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What ways to recycle ... 1 ltr plastic milk and soda bottles
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cqueenie



Joined: 26 Jul 2009
Posts: 707
Location: Shetland
PostPosted: Tue Apr 26, 11 8:20 pm    Post subject:  Reply with quote    

Pilsbury wrote:
Fill the milk bottles with soup and freeze, they fit well into the freezer and you can defrost in the fridge and then pour out a bowl of soup to warm up adn keep the rest in the fridge for later


Genius!

Pilsbury



Joined: 13 Dec 2004
Posts: 5645
Location: East london/Essex
PostPosted: Tue Apr 26, 11 8:22 pm    Post subject: Reply with quote    

cqueenie wrote:
Pilsbury wrote:
Fill the milk bottles with soup and freeze, they fit well into the freezer and you can defrost in the fridge and then pour out a bowl of soup to warm up adn keep the rest in the fridge for later


Genius!


why thank you

Mustang



Joined: 15 Jul 2005
Posts: 768
Location: Sunny Suffolk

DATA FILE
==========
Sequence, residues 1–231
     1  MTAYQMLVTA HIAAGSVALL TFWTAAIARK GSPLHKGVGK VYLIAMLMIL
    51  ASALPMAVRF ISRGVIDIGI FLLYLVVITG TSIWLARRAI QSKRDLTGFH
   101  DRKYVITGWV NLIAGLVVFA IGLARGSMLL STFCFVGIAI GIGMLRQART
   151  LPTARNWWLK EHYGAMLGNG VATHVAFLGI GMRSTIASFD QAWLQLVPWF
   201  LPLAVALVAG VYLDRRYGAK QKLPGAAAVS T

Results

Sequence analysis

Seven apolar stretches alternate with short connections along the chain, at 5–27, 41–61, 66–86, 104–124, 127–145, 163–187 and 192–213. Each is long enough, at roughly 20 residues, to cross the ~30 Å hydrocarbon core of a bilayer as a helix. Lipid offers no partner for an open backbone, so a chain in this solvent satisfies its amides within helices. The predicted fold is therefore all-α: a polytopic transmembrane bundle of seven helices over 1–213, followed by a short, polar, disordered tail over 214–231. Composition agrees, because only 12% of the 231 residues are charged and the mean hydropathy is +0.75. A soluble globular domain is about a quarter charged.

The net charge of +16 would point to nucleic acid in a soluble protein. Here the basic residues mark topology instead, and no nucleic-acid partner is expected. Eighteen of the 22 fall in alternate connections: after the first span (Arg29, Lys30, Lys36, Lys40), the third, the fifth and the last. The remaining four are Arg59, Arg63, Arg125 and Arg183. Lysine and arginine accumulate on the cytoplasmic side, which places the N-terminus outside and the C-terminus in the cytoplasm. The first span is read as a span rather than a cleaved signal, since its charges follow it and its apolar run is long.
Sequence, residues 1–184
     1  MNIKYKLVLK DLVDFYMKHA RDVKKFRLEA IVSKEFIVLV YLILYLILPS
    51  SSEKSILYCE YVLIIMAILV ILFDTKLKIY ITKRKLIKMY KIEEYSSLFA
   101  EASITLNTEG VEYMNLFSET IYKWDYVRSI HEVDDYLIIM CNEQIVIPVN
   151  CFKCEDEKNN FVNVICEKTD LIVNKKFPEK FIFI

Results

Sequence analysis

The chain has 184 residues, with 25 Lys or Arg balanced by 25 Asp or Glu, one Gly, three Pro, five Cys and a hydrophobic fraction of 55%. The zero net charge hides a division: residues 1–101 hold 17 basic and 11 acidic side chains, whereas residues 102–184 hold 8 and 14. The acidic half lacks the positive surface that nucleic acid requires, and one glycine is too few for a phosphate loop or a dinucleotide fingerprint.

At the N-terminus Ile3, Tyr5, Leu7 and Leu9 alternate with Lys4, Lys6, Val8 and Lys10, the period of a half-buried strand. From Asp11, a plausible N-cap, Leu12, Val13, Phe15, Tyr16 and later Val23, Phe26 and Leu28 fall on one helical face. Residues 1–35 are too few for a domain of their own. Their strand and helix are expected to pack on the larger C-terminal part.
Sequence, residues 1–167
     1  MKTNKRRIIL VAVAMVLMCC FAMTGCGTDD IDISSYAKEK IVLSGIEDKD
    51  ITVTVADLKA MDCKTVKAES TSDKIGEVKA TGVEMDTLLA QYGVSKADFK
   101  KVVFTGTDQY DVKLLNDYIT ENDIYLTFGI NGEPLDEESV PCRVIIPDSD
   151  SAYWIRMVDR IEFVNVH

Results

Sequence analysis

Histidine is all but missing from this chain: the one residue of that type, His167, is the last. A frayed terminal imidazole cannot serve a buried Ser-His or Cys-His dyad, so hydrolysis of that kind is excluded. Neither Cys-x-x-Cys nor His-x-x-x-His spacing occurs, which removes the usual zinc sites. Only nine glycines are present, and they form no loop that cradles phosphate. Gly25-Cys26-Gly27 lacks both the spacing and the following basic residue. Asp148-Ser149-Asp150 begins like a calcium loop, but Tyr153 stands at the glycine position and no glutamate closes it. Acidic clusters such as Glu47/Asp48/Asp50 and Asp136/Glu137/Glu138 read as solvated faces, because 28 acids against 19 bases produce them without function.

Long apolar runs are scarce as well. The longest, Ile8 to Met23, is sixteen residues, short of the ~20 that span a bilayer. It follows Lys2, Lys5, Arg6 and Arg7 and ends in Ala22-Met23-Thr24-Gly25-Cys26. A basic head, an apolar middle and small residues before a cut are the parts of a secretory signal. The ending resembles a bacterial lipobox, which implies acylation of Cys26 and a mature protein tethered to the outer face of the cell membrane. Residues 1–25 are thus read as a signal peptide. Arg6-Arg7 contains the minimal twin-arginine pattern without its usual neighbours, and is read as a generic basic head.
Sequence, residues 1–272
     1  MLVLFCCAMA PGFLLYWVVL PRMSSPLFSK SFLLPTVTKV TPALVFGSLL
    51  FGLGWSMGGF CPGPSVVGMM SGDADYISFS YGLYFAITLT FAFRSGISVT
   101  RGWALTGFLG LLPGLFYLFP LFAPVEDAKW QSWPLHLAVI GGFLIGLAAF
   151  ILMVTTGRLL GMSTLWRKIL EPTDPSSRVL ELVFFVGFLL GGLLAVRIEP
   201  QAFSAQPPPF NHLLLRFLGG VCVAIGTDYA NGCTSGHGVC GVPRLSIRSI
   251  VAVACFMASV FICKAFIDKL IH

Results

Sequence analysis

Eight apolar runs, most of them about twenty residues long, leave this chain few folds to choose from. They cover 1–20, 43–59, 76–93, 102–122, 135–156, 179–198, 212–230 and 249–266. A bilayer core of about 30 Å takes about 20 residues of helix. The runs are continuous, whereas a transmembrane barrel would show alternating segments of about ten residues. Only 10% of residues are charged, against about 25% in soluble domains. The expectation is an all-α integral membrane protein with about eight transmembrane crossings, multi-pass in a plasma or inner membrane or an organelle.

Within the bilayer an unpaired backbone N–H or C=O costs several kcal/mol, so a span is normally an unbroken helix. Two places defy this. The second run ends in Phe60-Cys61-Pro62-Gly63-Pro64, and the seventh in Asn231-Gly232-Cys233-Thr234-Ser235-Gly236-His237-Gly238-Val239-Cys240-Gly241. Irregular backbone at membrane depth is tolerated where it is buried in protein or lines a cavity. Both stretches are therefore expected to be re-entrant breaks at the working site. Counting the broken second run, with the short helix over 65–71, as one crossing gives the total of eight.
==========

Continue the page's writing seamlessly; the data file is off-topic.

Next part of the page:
PostPosted: Tue Apr 26, 11 8:48 pm    Post subject: Reply with quote    

Fantastic! Loads of suggestions.

* make and use for elderflower cordial and champagne. I make kumbucha and use some pop bottles for this. But I haven't made elderflower cordial/champagne for a couple of years, so will do this.

* Freeze stuff. I am a dehydrator rather than a freezer-type person, so only a tiny freezer which I use for stuff such as milk. But when I do freeze stuff, I do re-use bottles for this.

* Homebrew. Ah ... well I am just about to put a brew on, so will put some pop bottles aside for that.

* Seedling labels. I live near a horticultural wholesaler and a couple of years ago bought about 2000 plant labels for a few pennies ... so I doubt I would run out of labels soon.

* Pet food scoops. I'll definitely do this one.